October is National Service Dog Month

What is the difference between a service dog, therapy dog, and an emotional support dog?

There is some confusion, I think between these three types of trained dogs. With October being National Service Dog Month, I thought it would be a good time to clear up the confusion so we can celebrate the lives of all three for what they do for their humans each and every day! These selfless dogs deserve our respect and appreciation. Many people who are disabled depend on them every single day just to live their lives.

Service dogs are individually trained to perform certain tasks for their owner (or handler) that is disabled in one way or another, either physically or mentally. They may help a person who is hearing and/or visually impaired to navigate their surroundings. They may calm a person with Post Traumatic Stress Disorder (PTSD). They may warn a person that suffers from seizures that they are about to have one and even assist them during a seizure. Some can even dial 911 in case of an emergency.

What is a Service Dog?

A service dog is registered and protected under federal law. By law service dogs are allowed in public places that do not ordinarily allow dogs. These include restaurants, hotels, housing and air travel. The service dog does not have to be professionally trained. They do however have to be trained to be a working dog and not a pet.

The Americans with Disabilities Act (ADA) has a specific definition of a disability. Basically, it is an individual that is physically or mentally impaired and is substantially limited in major life activities.

Service dogs will have identification cards, other written documentation, the presence of a harness, tags, etc. that identify that the dog is indeed a service dog.

It has been reported that 43 million Americans with disabilities have service dogs. There are approximately 387,000 service dogs and 10,000 guide dogs in the US.

What is an emotional support dog?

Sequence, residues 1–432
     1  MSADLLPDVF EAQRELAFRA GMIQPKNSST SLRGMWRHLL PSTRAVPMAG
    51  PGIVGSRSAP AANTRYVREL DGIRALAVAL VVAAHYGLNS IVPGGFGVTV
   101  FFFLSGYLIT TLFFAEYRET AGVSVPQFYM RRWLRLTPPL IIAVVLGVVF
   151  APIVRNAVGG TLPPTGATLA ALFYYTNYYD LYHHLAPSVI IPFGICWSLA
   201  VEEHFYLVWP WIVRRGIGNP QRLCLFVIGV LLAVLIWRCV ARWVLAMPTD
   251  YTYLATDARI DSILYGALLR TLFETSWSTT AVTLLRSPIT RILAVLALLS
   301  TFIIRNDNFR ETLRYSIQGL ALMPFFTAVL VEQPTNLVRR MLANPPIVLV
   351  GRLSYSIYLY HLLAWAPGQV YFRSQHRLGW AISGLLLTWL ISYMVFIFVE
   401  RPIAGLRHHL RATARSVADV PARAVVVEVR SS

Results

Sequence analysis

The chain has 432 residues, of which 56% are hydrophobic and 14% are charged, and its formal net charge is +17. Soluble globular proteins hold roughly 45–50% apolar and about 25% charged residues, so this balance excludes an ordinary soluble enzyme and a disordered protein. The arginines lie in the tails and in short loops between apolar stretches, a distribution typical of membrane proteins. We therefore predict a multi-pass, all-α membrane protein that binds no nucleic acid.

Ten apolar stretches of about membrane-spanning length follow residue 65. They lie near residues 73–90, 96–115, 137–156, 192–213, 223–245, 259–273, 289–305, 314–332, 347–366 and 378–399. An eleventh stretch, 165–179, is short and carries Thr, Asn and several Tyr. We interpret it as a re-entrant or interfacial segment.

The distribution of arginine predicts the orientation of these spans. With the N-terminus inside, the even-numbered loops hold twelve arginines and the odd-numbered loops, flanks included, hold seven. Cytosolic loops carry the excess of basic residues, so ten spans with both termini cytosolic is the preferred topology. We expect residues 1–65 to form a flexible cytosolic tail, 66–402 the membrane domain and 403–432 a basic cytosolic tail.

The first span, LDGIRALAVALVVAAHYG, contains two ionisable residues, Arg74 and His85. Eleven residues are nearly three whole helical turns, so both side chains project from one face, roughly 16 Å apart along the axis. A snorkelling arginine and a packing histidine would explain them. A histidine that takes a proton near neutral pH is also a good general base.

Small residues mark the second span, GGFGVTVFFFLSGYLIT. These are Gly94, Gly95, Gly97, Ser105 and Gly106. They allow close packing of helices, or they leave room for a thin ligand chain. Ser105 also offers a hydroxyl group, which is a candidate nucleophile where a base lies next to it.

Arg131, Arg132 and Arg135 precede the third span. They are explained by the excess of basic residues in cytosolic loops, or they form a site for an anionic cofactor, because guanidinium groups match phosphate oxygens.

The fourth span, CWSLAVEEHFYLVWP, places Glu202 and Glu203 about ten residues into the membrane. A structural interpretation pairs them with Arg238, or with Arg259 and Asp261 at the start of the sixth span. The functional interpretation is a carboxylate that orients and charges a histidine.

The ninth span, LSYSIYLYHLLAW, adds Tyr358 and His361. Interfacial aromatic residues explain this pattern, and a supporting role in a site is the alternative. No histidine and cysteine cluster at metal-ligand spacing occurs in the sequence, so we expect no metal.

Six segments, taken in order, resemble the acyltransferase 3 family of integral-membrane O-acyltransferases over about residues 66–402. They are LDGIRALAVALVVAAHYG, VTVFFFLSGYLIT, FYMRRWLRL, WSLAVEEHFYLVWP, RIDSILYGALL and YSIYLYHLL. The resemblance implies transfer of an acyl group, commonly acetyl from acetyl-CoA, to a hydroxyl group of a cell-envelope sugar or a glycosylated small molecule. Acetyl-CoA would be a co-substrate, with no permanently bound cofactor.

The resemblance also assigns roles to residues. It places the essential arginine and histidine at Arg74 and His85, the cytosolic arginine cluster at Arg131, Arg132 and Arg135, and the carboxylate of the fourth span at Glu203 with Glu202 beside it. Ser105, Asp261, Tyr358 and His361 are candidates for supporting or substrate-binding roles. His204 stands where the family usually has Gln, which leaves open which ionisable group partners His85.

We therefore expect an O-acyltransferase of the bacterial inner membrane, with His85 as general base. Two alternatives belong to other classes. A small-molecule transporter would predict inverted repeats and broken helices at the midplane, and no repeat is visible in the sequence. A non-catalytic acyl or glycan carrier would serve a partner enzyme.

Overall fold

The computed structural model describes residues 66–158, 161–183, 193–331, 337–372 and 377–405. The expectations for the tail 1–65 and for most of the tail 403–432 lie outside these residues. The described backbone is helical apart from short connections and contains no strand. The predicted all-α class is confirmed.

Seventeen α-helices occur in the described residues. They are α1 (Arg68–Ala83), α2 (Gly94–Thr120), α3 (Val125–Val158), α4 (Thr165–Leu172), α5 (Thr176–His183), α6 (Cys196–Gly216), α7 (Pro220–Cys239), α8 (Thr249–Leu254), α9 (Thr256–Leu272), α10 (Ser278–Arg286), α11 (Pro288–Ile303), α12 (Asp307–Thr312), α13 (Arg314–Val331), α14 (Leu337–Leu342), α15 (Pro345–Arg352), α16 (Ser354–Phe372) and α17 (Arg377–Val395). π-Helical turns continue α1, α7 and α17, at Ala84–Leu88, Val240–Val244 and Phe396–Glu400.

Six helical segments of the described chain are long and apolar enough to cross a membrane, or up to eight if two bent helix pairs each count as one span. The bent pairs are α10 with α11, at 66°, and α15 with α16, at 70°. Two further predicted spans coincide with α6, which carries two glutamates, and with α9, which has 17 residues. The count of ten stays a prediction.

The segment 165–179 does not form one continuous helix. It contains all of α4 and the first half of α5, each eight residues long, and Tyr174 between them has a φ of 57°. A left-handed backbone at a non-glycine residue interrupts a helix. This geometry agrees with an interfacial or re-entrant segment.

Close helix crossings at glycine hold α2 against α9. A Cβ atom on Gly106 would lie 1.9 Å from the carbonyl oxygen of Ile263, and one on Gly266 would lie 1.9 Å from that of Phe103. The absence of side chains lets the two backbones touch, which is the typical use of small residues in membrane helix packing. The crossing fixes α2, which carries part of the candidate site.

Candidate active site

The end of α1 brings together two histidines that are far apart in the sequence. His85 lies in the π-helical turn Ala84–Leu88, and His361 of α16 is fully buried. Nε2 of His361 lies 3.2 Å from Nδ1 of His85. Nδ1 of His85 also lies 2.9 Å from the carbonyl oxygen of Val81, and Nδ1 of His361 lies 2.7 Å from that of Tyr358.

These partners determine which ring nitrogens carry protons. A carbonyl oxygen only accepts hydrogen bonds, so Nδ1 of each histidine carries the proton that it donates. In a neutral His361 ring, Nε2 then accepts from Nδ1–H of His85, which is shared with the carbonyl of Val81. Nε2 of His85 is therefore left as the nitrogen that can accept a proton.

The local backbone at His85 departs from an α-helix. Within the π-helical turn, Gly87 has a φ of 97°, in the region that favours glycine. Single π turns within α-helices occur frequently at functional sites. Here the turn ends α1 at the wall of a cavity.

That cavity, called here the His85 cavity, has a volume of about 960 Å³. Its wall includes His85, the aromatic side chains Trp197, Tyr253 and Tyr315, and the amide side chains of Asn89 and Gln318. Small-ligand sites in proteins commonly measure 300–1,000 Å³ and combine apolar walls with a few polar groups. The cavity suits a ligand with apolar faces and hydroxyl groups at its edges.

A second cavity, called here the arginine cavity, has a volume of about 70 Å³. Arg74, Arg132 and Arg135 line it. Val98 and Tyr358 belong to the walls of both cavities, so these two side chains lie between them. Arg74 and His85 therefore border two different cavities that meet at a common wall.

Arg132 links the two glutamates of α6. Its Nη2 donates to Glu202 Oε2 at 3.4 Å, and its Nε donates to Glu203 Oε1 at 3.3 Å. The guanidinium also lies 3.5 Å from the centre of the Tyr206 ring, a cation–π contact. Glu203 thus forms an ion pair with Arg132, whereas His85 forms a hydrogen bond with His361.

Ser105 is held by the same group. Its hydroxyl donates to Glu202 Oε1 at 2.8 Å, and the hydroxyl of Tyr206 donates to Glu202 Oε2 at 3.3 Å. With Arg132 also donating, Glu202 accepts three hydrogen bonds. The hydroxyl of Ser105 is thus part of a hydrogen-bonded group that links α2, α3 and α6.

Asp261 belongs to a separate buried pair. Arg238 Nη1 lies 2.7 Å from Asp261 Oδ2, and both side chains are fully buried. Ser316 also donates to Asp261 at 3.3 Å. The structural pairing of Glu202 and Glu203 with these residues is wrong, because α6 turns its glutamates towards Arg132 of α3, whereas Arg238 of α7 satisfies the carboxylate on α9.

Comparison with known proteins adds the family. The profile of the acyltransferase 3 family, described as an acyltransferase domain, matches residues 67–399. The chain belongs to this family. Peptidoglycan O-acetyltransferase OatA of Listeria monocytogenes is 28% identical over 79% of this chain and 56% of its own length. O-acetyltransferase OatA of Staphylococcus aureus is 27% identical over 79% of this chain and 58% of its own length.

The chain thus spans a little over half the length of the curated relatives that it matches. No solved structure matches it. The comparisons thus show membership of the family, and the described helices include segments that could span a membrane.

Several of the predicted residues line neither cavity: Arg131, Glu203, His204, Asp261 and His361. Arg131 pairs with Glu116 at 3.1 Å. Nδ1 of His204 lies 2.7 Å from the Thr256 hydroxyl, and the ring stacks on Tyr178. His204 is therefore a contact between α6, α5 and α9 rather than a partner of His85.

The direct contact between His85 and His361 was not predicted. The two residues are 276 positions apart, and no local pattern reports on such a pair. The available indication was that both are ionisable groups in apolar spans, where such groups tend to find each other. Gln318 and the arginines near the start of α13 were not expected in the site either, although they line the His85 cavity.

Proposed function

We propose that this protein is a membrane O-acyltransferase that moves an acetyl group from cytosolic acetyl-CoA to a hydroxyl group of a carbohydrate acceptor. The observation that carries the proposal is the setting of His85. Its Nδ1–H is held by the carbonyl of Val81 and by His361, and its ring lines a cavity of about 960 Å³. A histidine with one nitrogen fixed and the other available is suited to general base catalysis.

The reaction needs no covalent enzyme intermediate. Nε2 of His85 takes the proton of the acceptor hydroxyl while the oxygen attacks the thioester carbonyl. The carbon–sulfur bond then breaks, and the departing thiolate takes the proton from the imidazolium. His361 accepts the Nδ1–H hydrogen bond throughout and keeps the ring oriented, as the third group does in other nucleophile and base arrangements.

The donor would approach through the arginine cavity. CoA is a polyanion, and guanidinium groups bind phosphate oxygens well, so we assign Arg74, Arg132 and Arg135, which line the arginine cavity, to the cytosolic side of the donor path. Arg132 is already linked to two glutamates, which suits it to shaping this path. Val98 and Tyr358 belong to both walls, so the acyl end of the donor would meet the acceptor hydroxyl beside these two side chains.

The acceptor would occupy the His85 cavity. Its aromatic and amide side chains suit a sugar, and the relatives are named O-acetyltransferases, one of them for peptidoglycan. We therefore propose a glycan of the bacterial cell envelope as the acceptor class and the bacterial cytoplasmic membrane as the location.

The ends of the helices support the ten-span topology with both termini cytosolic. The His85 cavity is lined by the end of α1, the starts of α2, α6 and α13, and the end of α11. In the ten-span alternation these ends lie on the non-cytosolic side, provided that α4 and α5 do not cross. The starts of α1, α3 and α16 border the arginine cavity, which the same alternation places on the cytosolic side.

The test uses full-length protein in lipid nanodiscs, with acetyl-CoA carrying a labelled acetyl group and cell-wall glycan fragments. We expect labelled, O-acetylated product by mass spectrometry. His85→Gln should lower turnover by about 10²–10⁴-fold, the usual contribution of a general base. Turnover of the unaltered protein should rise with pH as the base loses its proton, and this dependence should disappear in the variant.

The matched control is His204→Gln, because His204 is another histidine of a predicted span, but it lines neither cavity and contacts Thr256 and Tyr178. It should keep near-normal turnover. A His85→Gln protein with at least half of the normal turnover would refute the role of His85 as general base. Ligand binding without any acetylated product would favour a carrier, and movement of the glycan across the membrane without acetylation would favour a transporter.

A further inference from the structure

An emotional support dog is a dog that belongs to a person with a disability and that person’s doctor has determined and written a prescription stating that the dog is necessary for the person’s home despite any “no pets” policy. These dogs are pets and the only protection their owner has is to be able to have them in their home regardless of the home owner’s pet policy and to fly with them in a cabin when pets are not permitted.

What is a Therapy Dog?

A therapy dog is a pet that has been trained to accompany their owner into facilities such as hospitals and nursing homes to comfort and cheer up the patients. These dogs are trained, tested, registered, and insured. A well-behaved pet can typically complete training in about 8 weeks. The therapy dog is a pet and is not permitted in any other public place where dogs are not allowed. The reason for the registration is to assure the facilities’ owner or manager that this dog is well-behaved and safe to be around people and that they are insured against liability.

Can a Chihuahua Be a Service Dog?

Any breed of dog can be a service dog. Whether a dog can be a service dog or not depends on whether they are trained to perform a certain task or tasks to assist a person in need of some kind of help. These tasks can include walking, seeing, hearing, speaking, breathing, learning and working.

chihuahua asleep on persons lap, can a chihuahua be a service dog?A Chihuahua can also be an emotional support dog and a therapy dog. Chihuahuas make excellent emotional support and therapy dog. They are small and adapt well to apartment living and they are already professional lap warmers.


  • Service dogs work to help the owner perform tasks that they cannot perform on their own because of a disability, either physical or psychiatric.
  • An emotional support animal works to improve the health of his owner who is disabled.
  • The therapy animal works with his owner to improve the health of others.

In one way or another these dogs (or other types of animal in some cases) help their owner or handler each and every day in one way or another. I for one am very grateful to these amazing dogs. Let’s all give three cheers for the service, emotional support and the therapy dogs around the world!